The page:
Earlier in the year I wrote a post about Rapide’s 2016 range after seeing them at UK distributor, Madison’s 2016 bikes launch. One of the models that particularly stood out was the new RC Disc – in the striking green and black colour.
I thought it was a smart move by Rapide to embrace disc brakes early in the development of the brand, not least because disc brakes really suit endurance style bikes (to me). Other things I thought were smart was making their carbon frames flat mount compatible – that’s the way the market’s going and also 15mm through axle on the front wheel. I also like the fact that the bikes were designed to run 25mm tyres and full mudguards – to me extending the potential audience for the bikes to include club or distance riders looking for a carbon winter or commuter bike. It’s also smart to have a clear and simple range of Tiagra, 105 and Ultegra level builds or a frameset if you fancy something different.
As luck would have it, a little while later Rapide offered to send me an RC1 Disc to review and I’ve managed to get out and get some first impressions recently which I wanted to share.
The RC1 Disc features the new improved 2016 Shimano Tiagra 10 speed groupset hung on a black with red branding version of the RC Disc frameset. Available in 6 sizes, the RC1 Disc also features Fulcrum Racing Sport DB Disc wheels (they were also specced on the Genesis Datum I rode recently) and are shod with Continental Ultrasport tyres in 25mm.
The brakes are well respected TRP Spyre cable operated discs and interestingly matched with TRP 140mm rotors on the Rapide carbon disc range rather than the “normal” 160mm most brands seem to specify. The finishing kit (bars, stem and seatpost) are all FSA and it’s topped off with a Rapide branded saddle.
Apart from the brakes and chain (KMC), it’s a pretty much full Tiagra 4700 groupset with Shifters, Mech’s, chainset, and cassette. On paper I think it’s a solid build list and the full bike retails for £1,699 compared to £999 for the frameset. The other option some might be tempted by is the striking green 105 build which moves you to 11 speed, but keeps the same wheels and tyres with a slightly upgraded FSA finishing kit for an extra £200. Whether that jump to 11 speed is worth it, is up to you and I’d suggest reading to the end before you decide.
Endurance geometry generally means a more stable, less twitchy handling, often a little shorter reach and a higher front end and the Rapide has much of this in its’ design. I love a good endurance geometry.
Yes, I also love my race bike but I don’t always want to ride a bike like that – a bike that’s comfortable and fast over long distances is also incredibly appealing, often making for a terrific companion, so I’m curious about how I get on with the Rapide. On the website the company says they’ve worked hard to combine great handling, fantastic acceleration and superior comfort. I’ve been sent a medium with has a reach that is pretty much bang on for me and also boasts a stack height that’s exactly the same as a Genesis Zero or NeilPryde Nazare(Alize) on paper. So for me I’m not sacrificing any front end height or reach according to the sizing chart.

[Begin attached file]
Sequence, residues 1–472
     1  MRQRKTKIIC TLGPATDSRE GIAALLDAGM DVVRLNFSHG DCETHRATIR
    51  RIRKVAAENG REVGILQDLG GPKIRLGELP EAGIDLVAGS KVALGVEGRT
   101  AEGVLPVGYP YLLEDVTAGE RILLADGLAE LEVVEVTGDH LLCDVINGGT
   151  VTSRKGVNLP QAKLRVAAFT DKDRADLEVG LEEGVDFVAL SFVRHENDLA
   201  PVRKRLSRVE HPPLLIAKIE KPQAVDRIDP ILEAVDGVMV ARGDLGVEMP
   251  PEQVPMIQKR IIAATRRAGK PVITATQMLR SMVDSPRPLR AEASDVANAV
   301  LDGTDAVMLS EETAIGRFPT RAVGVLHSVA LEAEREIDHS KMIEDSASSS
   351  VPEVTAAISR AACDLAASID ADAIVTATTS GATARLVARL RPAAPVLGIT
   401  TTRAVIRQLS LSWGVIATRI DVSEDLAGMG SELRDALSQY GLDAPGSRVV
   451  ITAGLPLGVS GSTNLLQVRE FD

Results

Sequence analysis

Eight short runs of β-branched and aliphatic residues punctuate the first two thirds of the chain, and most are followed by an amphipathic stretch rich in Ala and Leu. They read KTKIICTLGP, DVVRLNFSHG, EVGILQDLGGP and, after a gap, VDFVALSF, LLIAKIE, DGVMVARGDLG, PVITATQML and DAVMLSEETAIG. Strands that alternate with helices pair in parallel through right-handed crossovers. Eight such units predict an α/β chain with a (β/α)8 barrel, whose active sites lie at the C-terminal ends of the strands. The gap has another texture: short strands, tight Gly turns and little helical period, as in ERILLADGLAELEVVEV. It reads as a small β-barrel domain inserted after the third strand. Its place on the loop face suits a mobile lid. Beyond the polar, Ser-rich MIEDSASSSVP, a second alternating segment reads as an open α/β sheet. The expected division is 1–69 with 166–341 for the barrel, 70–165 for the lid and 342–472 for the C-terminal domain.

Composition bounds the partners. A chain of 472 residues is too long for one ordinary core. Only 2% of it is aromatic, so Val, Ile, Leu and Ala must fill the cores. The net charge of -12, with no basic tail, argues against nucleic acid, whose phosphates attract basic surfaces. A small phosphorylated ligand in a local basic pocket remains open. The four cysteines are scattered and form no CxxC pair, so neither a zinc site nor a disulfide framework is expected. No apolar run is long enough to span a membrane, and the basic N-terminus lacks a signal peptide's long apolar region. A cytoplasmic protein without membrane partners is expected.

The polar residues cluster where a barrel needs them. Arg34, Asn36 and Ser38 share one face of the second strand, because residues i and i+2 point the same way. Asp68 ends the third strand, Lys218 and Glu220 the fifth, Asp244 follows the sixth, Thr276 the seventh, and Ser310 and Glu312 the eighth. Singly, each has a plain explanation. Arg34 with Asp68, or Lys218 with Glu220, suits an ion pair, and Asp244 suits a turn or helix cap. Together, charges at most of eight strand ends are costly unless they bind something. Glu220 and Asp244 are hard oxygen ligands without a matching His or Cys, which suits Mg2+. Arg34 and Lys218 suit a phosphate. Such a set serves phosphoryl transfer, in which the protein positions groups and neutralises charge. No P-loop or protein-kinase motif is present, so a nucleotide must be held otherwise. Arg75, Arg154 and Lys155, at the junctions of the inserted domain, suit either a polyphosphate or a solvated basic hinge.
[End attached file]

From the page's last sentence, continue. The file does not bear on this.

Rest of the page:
In the flesh, to me, the bike looks rather masculine with the matt and gloss black frame matched with bold red graphics. The bike and frame look well put together and the new Tiagra looks a class above the old one – especially the cranks and shifters.
I’ve managed to get out for one ride over one of my favourite testing loops on the Rapide, which features lots of Britain’s typically awful and broken road surfaces, chip seal, short steep climbs, long fast descents and some great views which make no difference at all to how the bike performs but I like them all the same.
My first impression of the Rapide upon heading out onto the road was that the ride feels very, very smooth. It seems a very comfortable bike and handled all my rotten local roads with aplomb. The handling also seemed stable but with enough nimbleness about it to keep things interesting.
Having spent a lot of time on hydraulic disc brakes with 160mm rotors the 140mm cable disc brakes felt a touch lacking in bite on the first ride but they did the job.
The new Tiagra groupset instantly impressed – it doesn’t just look good, it’s a pleasure to ride too. The new concealed cable shifters have a lovely feel to them. The shifting is very good and of course the new 4 arm cranks look great on the bike. If you’re worried about choosing Tiagra either for budget reasons or because you’re not ready to switch to 11 speed – don’t as this is very good indeed.
The finishing kit – including the saddle, all worked well and were comfortable.
The flipside of the terrific smoothness was perhaps it lacked a little road feel. I’ll swap wheels and tyres during the test to see how that changes things as I’ve previously found both the wheels and tyres competent but a little underwhelming.
Overall it was a good first ride and I’ll look forward to spending some miles on the bike soon – including on the upcoming #girodilento250
My full review is now published here: https://girodilento.com/rapide-rcdisc1-review/
You can find out more about the bike here: http://www.rapidebikes.co.uk/bikes/carbon-disc/rc1-disc
Thanks for reading